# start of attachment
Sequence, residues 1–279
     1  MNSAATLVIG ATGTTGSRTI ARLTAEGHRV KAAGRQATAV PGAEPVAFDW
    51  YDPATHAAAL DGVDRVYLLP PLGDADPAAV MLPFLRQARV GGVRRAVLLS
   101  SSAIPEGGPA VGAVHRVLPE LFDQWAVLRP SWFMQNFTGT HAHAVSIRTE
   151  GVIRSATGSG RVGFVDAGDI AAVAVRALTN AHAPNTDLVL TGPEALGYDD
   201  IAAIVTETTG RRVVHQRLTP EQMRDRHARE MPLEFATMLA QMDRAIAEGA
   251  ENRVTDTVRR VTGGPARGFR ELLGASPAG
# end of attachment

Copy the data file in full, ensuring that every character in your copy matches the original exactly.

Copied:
Sequence, residues 1–279
     1  MNSAATLVIG ATGTTGSRTI ARLTAEGHRV KAAGRQATAV PGAEPVAFDW
    51  YDPATHAAAL DGVDRVYLLP PLGDADPAAV MLPFLRQARV GGVRRAVLLS
   101  SSAIPEGGPA VGAVHRVLPE LFDQWAVLRP SWFMQNFTGT HAHAVSIRTE
   151  GVIRSATGSG RVGFVDAGDI AAVAVRALTN AHAPNTDLVL TGPEALGYDD
   201  IAAIVTETTG RRVVHQRLTP EQMRDRHARE MPLEFATMLA QMDRAIAEGA
   251  ENRVTDTVRR VTGGPARGFR ELLGASPAG